Instead, it hands it over to some other framework like Spring Security.
But still - the framework itself has been quite secure over time. Many
legacy and also fresh projects still use and trust it because of the ongoing
development and protection against various vulnerability attacks. When
integrating Struts with Spring Security, it is possible to get a quite secure
system with many security aspects covered.
Score:
Reason:
Works best when integrated with Spring Security or another framework.
JSF
JSF relies on the existing Java EE security features, so it is a reliable and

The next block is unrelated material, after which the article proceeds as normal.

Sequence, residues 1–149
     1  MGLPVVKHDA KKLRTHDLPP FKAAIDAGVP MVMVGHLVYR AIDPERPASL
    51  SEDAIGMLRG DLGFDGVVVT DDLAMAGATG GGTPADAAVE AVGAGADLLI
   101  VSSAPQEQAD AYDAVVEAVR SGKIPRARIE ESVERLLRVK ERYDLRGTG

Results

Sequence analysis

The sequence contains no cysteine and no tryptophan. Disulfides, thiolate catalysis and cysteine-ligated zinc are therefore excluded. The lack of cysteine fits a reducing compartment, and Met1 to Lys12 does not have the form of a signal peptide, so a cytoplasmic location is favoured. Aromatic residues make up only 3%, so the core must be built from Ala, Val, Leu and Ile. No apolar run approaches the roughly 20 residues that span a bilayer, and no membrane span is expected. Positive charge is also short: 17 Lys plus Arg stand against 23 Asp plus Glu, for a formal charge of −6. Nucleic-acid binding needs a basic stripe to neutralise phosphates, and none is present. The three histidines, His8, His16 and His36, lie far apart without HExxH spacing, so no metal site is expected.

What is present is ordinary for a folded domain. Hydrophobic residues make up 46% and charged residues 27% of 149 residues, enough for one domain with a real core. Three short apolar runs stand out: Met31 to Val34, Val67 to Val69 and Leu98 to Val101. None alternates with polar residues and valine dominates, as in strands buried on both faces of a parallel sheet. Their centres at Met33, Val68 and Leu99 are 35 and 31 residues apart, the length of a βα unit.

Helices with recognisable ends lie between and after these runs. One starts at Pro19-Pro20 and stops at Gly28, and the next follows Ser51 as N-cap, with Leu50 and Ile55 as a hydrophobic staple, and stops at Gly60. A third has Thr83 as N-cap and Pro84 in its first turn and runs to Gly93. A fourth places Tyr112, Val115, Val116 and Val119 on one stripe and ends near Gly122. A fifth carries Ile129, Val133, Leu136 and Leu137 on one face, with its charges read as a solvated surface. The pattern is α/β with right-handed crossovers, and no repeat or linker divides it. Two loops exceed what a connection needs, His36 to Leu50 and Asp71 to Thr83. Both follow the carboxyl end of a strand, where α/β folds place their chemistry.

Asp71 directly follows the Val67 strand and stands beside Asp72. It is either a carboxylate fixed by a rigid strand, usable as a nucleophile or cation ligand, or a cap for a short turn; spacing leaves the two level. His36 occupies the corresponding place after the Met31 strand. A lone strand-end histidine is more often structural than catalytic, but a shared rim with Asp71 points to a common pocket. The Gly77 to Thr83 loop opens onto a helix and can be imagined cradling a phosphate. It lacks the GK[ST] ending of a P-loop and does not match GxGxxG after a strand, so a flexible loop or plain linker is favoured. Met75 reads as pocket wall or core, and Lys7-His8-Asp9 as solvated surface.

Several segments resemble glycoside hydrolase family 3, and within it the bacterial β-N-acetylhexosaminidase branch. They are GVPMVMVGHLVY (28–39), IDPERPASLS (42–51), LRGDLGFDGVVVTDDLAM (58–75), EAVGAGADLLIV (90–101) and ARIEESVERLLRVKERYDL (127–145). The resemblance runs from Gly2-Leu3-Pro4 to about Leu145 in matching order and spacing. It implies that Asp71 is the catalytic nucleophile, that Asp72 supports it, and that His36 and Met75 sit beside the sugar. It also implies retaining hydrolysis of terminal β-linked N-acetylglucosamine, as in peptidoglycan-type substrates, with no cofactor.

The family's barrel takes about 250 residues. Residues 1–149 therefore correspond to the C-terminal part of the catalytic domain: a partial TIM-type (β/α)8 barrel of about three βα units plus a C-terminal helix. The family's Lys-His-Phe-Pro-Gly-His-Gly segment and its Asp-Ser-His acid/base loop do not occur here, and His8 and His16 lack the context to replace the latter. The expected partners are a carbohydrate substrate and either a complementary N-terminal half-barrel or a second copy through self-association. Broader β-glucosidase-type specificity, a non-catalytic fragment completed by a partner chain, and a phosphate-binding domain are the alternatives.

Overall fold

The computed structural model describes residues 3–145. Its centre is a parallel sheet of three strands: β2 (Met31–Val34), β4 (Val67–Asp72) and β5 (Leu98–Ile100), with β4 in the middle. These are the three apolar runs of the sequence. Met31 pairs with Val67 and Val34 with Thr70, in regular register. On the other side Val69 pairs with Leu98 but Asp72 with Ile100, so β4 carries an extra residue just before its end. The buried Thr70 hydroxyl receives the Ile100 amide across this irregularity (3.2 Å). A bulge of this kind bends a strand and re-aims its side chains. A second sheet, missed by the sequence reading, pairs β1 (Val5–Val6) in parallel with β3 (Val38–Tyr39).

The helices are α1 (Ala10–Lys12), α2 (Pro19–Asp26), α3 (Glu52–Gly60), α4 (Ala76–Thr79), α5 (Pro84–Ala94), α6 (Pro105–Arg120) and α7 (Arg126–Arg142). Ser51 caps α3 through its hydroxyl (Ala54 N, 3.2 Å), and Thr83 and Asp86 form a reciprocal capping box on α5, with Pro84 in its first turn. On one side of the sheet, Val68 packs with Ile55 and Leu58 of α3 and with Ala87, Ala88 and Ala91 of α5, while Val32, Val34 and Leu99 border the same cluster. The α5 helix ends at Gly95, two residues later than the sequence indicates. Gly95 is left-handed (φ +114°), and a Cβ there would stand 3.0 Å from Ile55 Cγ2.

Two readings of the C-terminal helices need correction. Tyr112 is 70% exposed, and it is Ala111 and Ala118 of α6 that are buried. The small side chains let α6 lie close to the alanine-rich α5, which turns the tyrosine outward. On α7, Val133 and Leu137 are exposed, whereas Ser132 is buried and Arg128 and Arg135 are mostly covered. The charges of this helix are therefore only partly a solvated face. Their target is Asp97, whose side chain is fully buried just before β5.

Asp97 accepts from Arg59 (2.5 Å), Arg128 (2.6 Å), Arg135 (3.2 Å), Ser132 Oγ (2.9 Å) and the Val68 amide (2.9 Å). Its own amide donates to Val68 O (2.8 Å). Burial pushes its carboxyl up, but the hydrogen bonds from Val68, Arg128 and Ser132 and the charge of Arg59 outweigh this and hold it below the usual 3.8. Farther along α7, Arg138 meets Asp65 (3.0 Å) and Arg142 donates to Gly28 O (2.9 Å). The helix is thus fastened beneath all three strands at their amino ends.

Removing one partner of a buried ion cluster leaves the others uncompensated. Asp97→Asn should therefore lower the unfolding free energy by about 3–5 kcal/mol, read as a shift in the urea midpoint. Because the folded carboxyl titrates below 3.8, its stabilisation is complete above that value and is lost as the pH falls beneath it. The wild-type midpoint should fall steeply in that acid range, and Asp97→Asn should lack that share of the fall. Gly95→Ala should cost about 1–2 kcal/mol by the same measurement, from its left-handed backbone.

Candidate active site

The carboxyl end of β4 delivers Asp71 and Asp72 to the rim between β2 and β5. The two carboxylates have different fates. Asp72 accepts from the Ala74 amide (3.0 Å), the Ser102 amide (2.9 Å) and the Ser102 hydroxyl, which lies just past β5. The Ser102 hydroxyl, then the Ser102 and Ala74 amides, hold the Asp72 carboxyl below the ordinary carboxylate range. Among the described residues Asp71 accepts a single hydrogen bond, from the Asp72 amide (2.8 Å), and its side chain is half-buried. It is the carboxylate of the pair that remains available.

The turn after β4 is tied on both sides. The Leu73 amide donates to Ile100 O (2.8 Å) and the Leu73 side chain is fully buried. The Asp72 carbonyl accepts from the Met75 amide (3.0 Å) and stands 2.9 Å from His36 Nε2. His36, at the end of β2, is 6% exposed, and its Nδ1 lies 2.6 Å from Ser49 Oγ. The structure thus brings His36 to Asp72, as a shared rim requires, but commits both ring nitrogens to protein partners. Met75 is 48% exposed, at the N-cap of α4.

stable security platform. However, this also means that the security aspects
of Java EE/JSF are heavily reliant on design and development patterns and
exception handling. JSF does have nice form validation that ties into bean
method calls. JSF gets a 2.5 for security because it does get to leverage the
Java EE platform, but does not ofer anything on top.
Score:
Reason:
Reliant on Java EEs stable security features, but goes no further to add
anything on.
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SCORE SUMMARY - SECURITY
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Rapid
Application
Development
Framework
Complexity
Ease
of Use
Documentation
& Community
Framework
Ecosystem
Throughput/
Scalability
Code
Maintenance/
Updates
UX/Look
and Feel
Testability Security Totals
Spring
MVC
2.5 3.5 3 4 4 4 3 2 4 5 35
Grails 5 3 4.5 5 4.5 4 4.5 4 5 2.5 42
Vaadin 4.5 4 4.5 5 3 4.5 4 5 3 4 41.5
GWT 4 4 4 4.5 3 4.5 4 5 2.5 1 36.5
Wicket 3.5 2.5 3.5 3 3 3 4.5 3.5 4 5 35.5